Alcohol addiction is an enormous problem in Scotland and elsewhere in the UK and the NHS is under great strain trying to provide the support and care that those with alcohol problems desperately need. Alcohol-related admissions have risen by two-thirds in the last decade and it is thought that cuts to addiction support services is a key contributor in this sharp rise. This has led to increased pressure on already hard-pressed A&E departments.
Signs of Addiction
It is clear that there is a major problem with alcohol addiction around the UK and this means that it is vital that problems are detected early. So, what are the signs of addiction? This will be much more than simply drinking more than the recommended amount each week. Signs of alcohol addiction include:
- Binge drinking
- Drinking alone
- Being intoxicated regularly
- Inability to say no to alcohol
- Lack of interest in normal activities
- Mental health problems
- Needing to drink more to achieve the same effects
Alcohol addiction is incredibly serious and can lead to a wide number of health issues, as well as social and personal problems. In terms of physical health, alcohol abuse can lead to:
– Liver disease (the biggest cause of alcohol-related deaths)
- Blood pressure issues
- Hypertensive disorders
- Chronic conditions
- Traffic accidents
In addition to the great strain and cost that this can place on the NHS, there are then the various psychological consequences of alcohol addiction including depression and anxiety. This can lead to further costs for rehabilitation and mental health services. It is reported that alcohol abuse costs the NHS around £3.5 billion every single year which works out to around 3.6% of the annual budget.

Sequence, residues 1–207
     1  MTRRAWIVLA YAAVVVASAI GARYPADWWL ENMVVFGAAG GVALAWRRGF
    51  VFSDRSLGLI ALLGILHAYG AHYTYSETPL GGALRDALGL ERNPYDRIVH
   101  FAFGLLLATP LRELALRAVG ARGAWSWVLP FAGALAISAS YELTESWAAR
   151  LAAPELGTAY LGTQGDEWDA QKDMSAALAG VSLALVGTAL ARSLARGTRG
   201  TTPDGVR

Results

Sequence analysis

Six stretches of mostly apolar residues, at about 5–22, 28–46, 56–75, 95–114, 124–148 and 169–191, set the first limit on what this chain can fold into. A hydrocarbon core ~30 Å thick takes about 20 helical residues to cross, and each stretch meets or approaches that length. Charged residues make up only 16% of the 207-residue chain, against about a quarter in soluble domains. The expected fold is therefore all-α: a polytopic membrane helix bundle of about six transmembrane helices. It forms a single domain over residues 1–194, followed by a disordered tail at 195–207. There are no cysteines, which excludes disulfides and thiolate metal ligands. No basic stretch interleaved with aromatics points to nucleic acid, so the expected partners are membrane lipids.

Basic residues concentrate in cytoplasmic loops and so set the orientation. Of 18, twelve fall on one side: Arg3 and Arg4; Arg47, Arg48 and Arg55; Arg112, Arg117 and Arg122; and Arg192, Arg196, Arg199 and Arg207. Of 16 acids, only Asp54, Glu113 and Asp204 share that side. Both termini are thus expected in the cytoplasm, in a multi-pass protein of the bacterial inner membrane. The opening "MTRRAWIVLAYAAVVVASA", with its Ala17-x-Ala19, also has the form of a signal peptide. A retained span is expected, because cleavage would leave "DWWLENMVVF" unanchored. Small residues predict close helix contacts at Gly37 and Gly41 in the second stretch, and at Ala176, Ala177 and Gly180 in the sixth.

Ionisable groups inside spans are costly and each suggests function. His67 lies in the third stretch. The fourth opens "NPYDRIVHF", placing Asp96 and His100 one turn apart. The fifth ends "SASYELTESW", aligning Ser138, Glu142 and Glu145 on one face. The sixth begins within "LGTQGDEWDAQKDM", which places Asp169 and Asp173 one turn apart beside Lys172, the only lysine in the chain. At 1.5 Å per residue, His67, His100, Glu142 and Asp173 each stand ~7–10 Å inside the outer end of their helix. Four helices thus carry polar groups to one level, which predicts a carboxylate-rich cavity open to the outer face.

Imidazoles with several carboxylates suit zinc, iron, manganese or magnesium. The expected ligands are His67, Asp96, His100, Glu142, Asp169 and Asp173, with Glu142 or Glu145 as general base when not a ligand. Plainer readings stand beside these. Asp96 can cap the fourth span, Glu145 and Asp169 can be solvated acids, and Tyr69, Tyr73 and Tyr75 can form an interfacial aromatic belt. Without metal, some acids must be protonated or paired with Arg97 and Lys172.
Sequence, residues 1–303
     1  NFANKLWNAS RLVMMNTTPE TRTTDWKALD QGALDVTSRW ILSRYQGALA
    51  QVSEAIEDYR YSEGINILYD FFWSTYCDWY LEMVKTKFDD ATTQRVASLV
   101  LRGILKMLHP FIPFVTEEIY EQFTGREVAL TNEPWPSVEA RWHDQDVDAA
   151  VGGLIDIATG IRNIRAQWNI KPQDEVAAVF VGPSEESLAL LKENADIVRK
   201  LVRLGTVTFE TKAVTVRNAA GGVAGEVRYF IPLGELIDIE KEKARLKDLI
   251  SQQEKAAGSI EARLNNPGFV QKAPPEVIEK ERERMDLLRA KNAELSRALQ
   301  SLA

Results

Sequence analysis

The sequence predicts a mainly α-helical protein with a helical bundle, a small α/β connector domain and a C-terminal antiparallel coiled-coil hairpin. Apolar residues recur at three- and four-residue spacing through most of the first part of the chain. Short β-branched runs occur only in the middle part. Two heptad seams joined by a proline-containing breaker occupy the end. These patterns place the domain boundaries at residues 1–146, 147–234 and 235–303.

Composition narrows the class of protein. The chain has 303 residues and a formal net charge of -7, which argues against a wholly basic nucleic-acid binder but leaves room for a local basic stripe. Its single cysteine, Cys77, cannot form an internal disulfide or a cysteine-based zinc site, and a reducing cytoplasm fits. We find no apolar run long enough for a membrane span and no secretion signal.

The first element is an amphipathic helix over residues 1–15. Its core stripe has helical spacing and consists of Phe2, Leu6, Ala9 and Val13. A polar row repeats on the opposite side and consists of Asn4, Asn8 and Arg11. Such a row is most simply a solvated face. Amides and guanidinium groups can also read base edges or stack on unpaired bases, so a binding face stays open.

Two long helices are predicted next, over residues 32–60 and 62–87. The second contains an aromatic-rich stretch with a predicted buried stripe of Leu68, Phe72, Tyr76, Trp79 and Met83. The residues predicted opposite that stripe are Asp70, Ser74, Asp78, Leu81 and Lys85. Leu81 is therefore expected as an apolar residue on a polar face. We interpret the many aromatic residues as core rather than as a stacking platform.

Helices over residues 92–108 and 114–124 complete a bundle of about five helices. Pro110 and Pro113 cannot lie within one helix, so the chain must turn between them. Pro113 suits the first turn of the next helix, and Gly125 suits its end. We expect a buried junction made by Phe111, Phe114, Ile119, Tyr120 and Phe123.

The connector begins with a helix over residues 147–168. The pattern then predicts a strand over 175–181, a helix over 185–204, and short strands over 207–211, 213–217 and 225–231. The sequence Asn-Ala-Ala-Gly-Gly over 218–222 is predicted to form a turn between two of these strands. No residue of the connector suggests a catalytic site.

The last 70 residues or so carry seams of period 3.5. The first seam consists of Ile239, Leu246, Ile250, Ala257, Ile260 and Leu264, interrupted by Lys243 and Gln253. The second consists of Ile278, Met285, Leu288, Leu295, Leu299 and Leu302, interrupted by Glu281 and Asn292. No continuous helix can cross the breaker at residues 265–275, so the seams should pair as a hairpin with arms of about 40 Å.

A Huge Challenge for the NHS
It is clear that alcohol addiction is an enormous problem for the NHS yet they continue to do superb work in combating this concerning issue. They have been able to help people to overcome addiction and treat illness and injury through dedicated staff along with an excellent system which allows for comprehensive, holistic care. This will include the use of a patient flow which can make it quick and easy for staff across the NHS and other services to get access to centralized patient data. This can make care much more consistent and efficient which is vital when the NHS is handling so many different patients for alcohol addiction.
Alcohol addiction is a serious problem in Scotland and throughout the UK and one which shows no signs of slowing down. It is vital that those that suffer from alcohol-related problems get the care that they need sooner rather than later particularly when you look at how damaging alcohol abuse can be. Although under great strain, the NHS does fantastic work at helping those with alcohol-related problems but first it is important that people are able to recognize the signs of addiction and take action.